The truth about pregnancy test addiction

One is never enough.
One is never enough. Photo: Shutterstock

What did you do when you first saw two pink lines on a pregnancy test? If your answer is "take several more pregnancy tests", you are not alone. 

One in twenty women will take more than 16 pregnancy tests to determine if they are pregnant, according to a recent UK study.

Channel Mum found that seven per cent of mums will take 10 pregnancy tests, while, on average, women will take six different tests before accepting they are in fact pregnant.

But then other women anxious about the validity of the test or the longevity of their pregnancy will use home pregnancy tests as a way to reassure themselves.

The behaviour has been dubbed "pregnancy test addiction" by the parenting site.

It asked 1,435 mums about the use of pregnancy tests and found that one in 12 pregnant women continue to take pregnancy tests up until their 12-week scan.

So worried about the ongoing health of their baby, it was discovered 62 per cent of women will continue taking tests despite already having a positive result.

"Being hooked on pregnancy tests may seem strange, but the majority of mums do it," founder of ChannelMum.com Siobhan Freegard told The Sun.

"Seeing the positive sign come up gives mums-to-be a buzz and also helps reassure those who may be nervous about their pregnancy."

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She warned Mums not to take too many tests.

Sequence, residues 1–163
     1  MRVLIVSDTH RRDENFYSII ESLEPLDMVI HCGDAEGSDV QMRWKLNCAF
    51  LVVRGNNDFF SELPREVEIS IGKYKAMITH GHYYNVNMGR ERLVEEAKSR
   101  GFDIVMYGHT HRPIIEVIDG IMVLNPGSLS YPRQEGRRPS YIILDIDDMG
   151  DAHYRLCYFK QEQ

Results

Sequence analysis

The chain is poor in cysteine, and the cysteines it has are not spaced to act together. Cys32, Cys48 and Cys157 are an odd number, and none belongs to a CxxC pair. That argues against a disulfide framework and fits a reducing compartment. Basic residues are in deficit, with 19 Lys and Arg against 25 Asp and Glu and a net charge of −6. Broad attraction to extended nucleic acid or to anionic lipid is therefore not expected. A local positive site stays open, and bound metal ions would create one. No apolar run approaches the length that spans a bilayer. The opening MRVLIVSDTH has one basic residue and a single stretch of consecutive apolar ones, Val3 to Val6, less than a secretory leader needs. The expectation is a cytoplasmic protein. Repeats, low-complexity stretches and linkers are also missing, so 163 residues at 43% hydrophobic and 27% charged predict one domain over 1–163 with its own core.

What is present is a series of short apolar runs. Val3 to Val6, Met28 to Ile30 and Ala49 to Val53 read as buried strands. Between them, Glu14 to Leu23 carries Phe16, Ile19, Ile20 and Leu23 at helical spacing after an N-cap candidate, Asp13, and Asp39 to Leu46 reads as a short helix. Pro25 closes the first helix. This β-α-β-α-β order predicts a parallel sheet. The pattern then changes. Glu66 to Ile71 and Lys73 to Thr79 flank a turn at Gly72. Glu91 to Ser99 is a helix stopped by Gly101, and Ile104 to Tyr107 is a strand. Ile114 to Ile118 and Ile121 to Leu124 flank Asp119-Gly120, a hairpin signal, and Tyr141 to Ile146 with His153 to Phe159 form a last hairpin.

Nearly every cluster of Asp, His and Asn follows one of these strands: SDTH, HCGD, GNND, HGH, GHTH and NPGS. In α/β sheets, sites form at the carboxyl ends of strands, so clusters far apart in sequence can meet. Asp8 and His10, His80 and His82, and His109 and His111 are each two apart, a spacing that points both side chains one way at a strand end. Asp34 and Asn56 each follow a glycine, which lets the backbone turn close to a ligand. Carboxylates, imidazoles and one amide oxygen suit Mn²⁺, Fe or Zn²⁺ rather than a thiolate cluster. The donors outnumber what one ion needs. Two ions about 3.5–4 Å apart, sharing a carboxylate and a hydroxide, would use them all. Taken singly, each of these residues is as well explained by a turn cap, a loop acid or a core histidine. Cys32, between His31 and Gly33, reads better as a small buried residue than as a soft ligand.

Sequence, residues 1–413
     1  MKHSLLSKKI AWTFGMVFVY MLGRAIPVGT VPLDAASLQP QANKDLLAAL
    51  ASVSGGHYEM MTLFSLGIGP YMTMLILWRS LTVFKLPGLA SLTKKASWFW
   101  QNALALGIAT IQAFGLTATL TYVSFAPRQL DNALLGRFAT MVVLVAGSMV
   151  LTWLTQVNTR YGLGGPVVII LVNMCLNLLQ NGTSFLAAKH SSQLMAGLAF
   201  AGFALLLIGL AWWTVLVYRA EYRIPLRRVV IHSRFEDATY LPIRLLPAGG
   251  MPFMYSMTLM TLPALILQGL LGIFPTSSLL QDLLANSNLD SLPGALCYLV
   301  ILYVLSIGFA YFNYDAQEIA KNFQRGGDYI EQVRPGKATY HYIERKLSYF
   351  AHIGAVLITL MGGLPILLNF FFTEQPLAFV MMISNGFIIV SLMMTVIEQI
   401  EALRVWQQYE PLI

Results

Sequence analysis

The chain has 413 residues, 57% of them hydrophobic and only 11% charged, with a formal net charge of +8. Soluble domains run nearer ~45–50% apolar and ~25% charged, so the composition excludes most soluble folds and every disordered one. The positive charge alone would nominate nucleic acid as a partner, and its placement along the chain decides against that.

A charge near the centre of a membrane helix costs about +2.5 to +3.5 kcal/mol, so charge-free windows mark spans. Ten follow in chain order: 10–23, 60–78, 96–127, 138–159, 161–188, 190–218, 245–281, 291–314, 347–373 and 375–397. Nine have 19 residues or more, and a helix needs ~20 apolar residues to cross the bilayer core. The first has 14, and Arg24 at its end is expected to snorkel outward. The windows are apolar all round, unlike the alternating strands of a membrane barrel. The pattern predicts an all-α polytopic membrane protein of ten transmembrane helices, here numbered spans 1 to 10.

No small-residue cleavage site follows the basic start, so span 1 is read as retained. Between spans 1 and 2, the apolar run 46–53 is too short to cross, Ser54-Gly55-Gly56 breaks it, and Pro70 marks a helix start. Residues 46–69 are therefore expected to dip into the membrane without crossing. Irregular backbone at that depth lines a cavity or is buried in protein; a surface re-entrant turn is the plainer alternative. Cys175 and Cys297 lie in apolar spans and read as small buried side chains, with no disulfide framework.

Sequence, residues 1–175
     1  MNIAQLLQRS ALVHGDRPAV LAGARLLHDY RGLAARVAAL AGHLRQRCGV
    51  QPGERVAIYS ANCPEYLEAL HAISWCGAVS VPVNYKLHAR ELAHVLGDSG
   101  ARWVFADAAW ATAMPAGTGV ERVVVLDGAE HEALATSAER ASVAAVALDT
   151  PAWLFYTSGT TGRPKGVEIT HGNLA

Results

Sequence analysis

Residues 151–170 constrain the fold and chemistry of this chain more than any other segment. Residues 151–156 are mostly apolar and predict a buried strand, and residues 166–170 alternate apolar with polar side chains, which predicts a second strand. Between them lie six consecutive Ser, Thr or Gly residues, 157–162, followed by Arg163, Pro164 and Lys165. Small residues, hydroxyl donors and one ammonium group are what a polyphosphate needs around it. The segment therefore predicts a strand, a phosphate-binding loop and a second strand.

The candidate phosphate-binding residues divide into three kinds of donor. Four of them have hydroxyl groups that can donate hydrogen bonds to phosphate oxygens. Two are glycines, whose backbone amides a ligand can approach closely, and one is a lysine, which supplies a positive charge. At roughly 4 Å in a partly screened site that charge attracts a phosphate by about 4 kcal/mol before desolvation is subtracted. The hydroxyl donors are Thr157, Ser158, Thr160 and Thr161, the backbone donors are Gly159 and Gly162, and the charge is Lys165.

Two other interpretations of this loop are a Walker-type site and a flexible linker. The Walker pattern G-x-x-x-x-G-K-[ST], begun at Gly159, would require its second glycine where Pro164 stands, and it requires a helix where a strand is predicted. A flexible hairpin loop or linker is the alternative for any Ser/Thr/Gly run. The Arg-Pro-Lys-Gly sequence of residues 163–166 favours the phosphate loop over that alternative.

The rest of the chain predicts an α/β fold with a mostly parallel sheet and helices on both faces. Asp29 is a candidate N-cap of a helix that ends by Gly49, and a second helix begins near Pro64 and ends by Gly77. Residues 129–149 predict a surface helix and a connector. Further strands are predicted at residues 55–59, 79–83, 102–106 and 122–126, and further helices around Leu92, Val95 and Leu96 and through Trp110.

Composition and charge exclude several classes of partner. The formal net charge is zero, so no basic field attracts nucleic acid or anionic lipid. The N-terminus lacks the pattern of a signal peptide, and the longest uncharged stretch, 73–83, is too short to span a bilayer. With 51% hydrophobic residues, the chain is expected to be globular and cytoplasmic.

"It's important not to get addicted to continual tests, as they are expensive and unnecessary," Ms Freegard said.

"We have heard of mums testing up to five times a day to check they are still pregnant, so if you are anxious, then get professional support."

While the study found that more than four in ten mums-to-be used expensive early indicator pregnancy tests, one in 100 also tried DIY tests such as mixing toothpaste or bleach with urine.

Then when pregnant, gone are the days of waiting until the 12-week scan. Many pregnant women are now telling family and friends way earlier.

More than half of women are sharing the news by the seven-week mark and one third are letting people know straight away.

And women are also moving away from the traditional methods of informing loved ones of their impending baby arrival.

Although 53 per cent still tell family and friends in person and one in five tell them over the phone, many are turning to social media.

Three in five people share the news on social media and 45 per cent share an image of their baby scan, while 20 per cent of mums-to-be announce their pregnancy on apps such as Snapchat and What's App.